On reflexivity of our[1] research process

This post will illustrate some of the institutional and methodological issues I have faced in my research process and explain how by being reflexive and critically aware of such challenges, I have come a step closer to provide meaningful answers to my research problem. This restructuring of my approach – as opposed to drifting in a free flow of consciousness in year one – I suspect has come about, of course through the very tackling of these challenges, but more importantly by learning to contextualise myself within my research in year two of the PhD.

Lets start with the institutional hurdles first which in this case refer to the legal, administrative and governmental challenges I have encountered namely; the strain of limited funding, outrageous visa processing issues (by virtue of ‘the green passport’) and vexation from bureaucratic red tape.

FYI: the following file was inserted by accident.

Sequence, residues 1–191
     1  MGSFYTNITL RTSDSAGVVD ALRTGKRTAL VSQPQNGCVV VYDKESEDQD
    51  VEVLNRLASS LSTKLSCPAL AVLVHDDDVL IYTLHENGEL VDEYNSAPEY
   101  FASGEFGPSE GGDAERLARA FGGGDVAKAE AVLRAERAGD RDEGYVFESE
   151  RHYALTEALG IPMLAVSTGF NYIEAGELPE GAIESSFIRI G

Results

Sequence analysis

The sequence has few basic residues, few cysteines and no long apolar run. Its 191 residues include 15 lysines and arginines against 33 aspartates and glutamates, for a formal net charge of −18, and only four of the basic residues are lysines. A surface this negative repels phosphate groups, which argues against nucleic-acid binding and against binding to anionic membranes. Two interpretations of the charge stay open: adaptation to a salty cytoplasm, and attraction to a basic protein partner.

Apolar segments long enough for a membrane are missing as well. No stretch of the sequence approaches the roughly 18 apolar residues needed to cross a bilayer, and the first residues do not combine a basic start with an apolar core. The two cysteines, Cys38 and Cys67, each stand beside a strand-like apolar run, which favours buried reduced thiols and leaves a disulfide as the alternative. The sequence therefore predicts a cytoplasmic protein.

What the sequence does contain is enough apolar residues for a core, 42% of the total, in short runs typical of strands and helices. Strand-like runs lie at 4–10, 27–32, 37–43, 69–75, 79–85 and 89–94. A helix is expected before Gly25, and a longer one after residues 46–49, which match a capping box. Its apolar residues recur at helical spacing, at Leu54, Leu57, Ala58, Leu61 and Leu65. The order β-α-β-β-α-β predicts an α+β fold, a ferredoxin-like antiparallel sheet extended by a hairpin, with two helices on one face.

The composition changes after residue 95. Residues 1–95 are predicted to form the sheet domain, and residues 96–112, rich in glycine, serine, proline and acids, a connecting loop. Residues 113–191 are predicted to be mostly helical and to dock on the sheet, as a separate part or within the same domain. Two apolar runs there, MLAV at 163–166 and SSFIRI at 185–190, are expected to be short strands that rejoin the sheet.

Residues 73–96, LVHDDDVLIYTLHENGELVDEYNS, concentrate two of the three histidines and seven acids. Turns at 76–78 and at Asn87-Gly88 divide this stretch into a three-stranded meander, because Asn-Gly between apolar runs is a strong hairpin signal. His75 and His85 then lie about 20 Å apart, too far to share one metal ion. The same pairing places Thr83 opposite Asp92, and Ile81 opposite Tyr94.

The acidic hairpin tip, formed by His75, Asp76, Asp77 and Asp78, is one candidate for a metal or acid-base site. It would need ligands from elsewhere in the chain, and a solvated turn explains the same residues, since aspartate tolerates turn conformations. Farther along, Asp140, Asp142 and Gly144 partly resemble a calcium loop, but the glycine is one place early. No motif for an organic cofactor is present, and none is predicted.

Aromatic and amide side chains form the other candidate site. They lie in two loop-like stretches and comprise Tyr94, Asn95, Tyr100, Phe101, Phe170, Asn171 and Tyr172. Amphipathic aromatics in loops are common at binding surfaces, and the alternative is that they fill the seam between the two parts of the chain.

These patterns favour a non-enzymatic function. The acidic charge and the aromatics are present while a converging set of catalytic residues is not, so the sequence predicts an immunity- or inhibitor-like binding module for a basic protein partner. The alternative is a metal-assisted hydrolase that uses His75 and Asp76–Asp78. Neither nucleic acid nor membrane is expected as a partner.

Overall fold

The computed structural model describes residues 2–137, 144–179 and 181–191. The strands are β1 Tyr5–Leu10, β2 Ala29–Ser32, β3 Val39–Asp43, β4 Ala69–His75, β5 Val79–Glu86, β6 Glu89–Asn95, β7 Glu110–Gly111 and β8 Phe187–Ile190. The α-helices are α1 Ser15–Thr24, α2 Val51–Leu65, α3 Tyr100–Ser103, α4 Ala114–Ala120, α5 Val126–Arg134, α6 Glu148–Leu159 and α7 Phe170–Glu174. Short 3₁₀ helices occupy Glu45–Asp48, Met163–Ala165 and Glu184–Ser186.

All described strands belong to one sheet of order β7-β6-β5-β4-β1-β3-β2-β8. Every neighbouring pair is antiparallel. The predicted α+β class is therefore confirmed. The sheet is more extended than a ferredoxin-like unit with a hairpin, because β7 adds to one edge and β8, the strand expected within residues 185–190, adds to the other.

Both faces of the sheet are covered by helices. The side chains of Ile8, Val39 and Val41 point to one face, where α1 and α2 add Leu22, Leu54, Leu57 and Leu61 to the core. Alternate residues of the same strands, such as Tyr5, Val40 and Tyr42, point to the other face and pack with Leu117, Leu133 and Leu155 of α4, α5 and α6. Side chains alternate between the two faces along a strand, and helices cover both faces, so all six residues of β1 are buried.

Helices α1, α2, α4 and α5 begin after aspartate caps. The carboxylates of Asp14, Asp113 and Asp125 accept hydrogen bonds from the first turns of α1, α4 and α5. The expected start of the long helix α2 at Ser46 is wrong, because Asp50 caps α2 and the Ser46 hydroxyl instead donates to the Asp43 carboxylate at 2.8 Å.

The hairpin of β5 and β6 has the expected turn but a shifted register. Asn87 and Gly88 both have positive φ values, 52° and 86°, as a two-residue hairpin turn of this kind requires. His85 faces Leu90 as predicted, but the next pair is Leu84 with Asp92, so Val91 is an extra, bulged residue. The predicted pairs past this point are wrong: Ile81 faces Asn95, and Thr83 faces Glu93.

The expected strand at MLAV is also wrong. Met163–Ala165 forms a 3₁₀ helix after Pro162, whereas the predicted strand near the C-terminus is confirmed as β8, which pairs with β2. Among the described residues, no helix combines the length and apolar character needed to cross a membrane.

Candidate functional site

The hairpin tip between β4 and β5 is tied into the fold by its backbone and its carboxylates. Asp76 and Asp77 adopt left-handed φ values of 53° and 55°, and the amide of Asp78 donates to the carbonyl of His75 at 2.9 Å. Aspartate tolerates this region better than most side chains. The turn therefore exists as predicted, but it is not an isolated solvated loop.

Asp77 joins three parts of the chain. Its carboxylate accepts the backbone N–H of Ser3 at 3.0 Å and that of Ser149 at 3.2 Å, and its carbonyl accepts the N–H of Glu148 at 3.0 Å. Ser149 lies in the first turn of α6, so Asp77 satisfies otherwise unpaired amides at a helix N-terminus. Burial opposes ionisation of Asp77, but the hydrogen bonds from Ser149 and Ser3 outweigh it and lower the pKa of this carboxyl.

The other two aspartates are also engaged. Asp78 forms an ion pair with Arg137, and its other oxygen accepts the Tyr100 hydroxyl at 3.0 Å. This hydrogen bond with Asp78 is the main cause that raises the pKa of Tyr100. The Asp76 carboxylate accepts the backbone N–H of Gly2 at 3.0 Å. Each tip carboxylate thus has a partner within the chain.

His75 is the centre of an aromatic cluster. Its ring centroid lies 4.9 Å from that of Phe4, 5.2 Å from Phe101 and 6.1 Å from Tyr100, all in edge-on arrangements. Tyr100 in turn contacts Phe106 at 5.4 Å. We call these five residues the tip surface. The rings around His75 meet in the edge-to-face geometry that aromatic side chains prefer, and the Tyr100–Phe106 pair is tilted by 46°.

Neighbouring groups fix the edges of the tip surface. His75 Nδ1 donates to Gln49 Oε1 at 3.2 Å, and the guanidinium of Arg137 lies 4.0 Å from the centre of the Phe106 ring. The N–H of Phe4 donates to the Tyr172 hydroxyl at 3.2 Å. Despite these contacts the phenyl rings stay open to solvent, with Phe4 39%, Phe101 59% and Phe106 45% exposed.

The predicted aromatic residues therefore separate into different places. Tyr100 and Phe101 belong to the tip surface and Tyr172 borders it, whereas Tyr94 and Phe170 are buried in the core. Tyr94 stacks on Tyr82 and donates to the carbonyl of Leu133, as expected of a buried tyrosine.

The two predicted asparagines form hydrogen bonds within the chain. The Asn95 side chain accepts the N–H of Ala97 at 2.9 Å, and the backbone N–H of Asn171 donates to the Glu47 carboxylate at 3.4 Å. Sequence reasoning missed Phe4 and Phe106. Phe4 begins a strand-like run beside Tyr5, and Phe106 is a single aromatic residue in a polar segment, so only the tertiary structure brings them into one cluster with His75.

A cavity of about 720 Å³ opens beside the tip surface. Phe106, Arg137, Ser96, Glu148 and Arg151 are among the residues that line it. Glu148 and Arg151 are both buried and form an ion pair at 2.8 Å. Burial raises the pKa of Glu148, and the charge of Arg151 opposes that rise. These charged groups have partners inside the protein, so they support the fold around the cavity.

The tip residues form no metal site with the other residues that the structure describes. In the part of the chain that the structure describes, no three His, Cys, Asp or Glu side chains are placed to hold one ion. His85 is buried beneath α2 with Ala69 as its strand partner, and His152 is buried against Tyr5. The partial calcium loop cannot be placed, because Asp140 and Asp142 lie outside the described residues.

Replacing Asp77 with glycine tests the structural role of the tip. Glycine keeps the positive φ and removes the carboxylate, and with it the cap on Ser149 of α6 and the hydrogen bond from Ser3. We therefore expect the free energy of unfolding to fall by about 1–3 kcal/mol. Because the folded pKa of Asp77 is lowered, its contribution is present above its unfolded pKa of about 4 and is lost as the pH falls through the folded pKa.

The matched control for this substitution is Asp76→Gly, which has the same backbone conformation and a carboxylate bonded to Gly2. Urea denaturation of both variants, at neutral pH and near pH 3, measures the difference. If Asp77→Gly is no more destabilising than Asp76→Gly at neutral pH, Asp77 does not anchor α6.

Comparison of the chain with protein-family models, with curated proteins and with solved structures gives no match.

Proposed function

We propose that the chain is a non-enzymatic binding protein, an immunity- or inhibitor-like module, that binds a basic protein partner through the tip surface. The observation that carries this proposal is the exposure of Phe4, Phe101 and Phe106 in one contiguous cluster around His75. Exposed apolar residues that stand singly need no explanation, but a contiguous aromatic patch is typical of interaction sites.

Funding puts certain limitations on research since it determines the resources available to accomplish projects. Intuitively, we can say funding effects the quality of work. So it was difficult for me at first to accept when my funding was cut down by an year. A constraint not to be taken lightly considering the formative stage of my project and my profession.

Speaking of constraints those from the global south would be quite familiar with the tedious visa processing and various traveling restrictions. It is rather unfair that in a competitive global job market many face issues by virtue of their birth place. The problem magnifies in academia when the ability to produce meaningful work hinges on extensive field visits, conference networking and other myriad opportunities that quick and easy access provides. It adds[2] another layer of  exasperating administrative work during hours which otherwise could be spent reading and writing.